Archive for August, 2016

Then Norway

Posted in Out and About on August 15, 2016 by drycreekherbs

At the crack of dawn we left the Viking Osfrid for the Porto Airport. Because we used American miles for our air tickets we had lots of layovers before we arrived in Oslo. In light of all the terrorist activities, I expected to see more airport security but it was only in Heathrow where the police traveled in threes with automatic weapons. I was glad to see them.


Norway. I am pretty sure I could live in Norway except for the cost and the snow. I love that Norwegians start taking mandatory English from grade 1 through high school….and it makes me feel like such a slouch that Americans aren’t required to take a second language straight through. I can hold my own with slow Germans but it isn’t exactly a popular language….nope, I regret that I didn’t take Spanish. Brother Bill has a fairly good command of Spanish from the contracting business and school. I am jealous.   

So now it has been nearly two weeks since we returned and I regret that I waited so long to write….my memory glazes over events where they become vague concepts. I will say straight away that I am left with wonder at the exquisite landscapes….and I owe that to our National Geographic expert, David. I don’t know exactly where to start-I think I will write about the tour group


The National Geographic Expedition (NG) team: Dr. David Scott Silverberg, the Geographer, Maria Q, the Logistician, and Marianna, the local guide. David is a graduate of Harvard and MIT and is American/Norwegian by virtue of marriage. Maria is a Swede, married to an American. Mariana is Norwegian. All three were very interesting….when you are on a tour like this you really get to see the humorous side of personalities—like David starting each of his lectures with, “Hei-Hei, David Scott Geographer, here.” Hei is Hi in Norwegian. The tour was very organized and I didn’t notice any glitches that couldn’t have happened anywhere to anyone at any time. We stayed in nice hotels and had great food. The hotels weren’t air conditioned so sometimes it was warm at night. I am not a fish fan but I do like cod and I love halibut. There were always alternatives to the fish like salmon, sea bass, and other peculiarities.. The breakfasts were HEARTY so I could have managed on just those meals and all the bread. I learned to enjoy brown cheese that is caramelized and not to enjoy something called old cheese, which is exactly what it smelled like and tasted the same. James and Belinda ate Reindeer stew—I ate chicken curry that night. Speaking of night—it was only semi dark ever between 3-5:00am, otherwise it was very bright. I took a sleep mask that helped immensely.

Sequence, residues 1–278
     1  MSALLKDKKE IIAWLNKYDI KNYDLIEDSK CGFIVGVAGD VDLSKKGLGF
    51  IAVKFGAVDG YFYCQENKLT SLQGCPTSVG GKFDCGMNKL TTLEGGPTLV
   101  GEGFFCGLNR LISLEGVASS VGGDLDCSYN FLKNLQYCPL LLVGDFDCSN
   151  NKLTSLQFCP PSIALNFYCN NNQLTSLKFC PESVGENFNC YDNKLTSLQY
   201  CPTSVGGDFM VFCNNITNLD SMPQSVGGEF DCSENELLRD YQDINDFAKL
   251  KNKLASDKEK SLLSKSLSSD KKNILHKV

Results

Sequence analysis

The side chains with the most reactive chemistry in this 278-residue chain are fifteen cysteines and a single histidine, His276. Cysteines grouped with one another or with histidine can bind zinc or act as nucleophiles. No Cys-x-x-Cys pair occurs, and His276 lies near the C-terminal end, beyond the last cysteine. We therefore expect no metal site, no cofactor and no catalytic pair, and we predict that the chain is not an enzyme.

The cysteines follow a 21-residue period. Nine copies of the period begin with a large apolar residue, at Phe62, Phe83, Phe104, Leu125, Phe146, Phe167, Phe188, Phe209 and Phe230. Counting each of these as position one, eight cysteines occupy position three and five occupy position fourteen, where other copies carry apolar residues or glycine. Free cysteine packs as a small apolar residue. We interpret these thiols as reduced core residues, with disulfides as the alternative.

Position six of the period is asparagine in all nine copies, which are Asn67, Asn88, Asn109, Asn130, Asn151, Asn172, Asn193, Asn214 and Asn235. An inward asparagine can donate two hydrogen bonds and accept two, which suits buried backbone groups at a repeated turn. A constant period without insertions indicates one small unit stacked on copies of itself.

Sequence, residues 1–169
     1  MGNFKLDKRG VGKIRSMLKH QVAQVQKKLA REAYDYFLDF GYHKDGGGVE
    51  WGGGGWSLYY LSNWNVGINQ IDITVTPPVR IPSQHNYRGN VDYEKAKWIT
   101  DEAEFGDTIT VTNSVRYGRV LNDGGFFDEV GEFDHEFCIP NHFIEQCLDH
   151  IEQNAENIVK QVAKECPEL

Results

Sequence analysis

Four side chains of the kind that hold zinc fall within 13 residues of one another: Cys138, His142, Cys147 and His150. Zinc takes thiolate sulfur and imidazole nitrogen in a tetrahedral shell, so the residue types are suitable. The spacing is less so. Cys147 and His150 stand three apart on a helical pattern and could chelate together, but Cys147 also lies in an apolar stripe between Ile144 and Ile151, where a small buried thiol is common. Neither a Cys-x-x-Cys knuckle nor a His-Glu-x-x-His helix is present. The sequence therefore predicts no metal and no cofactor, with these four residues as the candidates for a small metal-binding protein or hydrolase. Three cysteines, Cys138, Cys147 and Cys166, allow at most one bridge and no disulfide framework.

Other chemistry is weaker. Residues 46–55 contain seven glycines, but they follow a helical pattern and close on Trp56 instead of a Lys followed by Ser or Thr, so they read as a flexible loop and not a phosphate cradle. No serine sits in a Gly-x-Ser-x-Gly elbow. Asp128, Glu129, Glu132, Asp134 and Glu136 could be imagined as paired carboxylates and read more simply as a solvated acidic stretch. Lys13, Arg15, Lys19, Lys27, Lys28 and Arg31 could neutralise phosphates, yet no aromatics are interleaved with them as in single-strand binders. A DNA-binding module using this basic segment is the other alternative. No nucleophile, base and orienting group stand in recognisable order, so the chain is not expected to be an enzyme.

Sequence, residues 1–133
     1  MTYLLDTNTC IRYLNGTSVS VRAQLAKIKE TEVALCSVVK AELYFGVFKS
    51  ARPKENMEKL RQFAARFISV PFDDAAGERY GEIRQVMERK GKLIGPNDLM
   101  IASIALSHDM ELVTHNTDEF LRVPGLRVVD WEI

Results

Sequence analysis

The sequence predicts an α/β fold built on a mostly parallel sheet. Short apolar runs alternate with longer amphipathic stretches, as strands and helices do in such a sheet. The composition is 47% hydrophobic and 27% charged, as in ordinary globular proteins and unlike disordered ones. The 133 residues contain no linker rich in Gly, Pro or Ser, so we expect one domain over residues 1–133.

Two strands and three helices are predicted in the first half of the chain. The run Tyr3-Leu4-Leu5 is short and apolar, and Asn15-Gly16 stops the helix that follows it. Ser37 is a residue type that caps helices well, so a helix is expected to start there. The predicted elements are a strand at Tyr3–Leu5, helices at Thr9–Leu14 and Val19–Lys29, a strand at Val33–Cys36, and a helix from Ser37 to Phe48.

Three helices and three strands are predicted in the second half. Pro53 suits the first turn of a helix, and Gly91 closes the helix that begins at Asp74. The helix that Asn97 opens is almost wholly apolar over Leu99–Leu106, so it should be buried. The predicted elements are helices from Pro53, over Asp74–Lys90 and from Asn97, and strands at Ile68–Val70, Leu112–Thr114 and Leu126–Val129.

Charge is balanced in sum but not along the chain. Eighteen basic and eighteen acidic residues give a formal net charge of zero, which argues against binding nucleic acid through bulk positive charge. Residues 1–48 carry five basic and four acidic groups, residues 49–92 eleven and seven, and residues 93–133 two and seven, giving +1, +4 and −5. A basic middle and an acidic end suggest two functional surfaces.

The itinerary: Ten nights starting in Oslo for two nights, then Trondheim for two nights, then on to Geiranger and Balestrand and ending in Bergen for two nights. Len and I arrived early because so we really had several days in Oslo. Norway is about the size of New Mexico and most of the land isn’t suitable for cultivation. The farms are “small and steep.” Norway is sparsely populated (5,147,792) and mostly along the coast. Obviously, there are lots of mountains and glaciers. David made sure we knew about the tree lines and timberlines; the tundra; the boreal forests, fjords, glaciers and lichens. Marianna was in charge of local culture. We saw more than our share of naked statues-some I could swear I modeled for! Rubenesque.

We traveled by buses, trains, and ferries. I loved the trains and ferries and yes, even the busses. One of the rail rides was on the Flam Railway, one of National Geographic Expedition Traveler magazine’s top ten rail rides. We traveled up 2,837 feet and passed through 20 tunnels in one hour. I am still amazed that I didn’t SKRIK (SCREAM in Norwegian) on all those cliffs and switchbacks. The scenery was just exquisite. The weather was unseasonably warm most days. Our first few days in Oslo enjoyed lots of thunderstorms.

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Belinda and James are marvelous traveling companions. We laugh a lot—spend as little or much time doing the same things. It works. Belinda and I like museums….well, some   museums. On this tour we saw the complete fossil primate ever found, visited a couple of Stave churches, the Bergen Defense Museum, the Hanseatic Museum, the Ringve Museum, the Oslo Resistance Museum, the Edvard Munch Museum, the Oslo Museum of Decorative Arts and Design, and saw one of the oldest Viking long ships in existence. Really, I am glossing over many sites and omitting others. I adored the Oslo Opera House….but above all else… the scenery. It was just fabulous….oh, at the waterfalls….one with a live singing troll (possibly a huldra!) These mythological huldras, female, forest spirits will lure men into the woods with their looks and beautiful voices. Oh, did I mention they have tails like either a cow or a fox, depending on who is telling the story. If they can get a man to marry them while not noticing the tail, the huldra will make the man her pet and treat him badly. Very good story I think. I also think I have some very poor grammar here. I am not fixing it.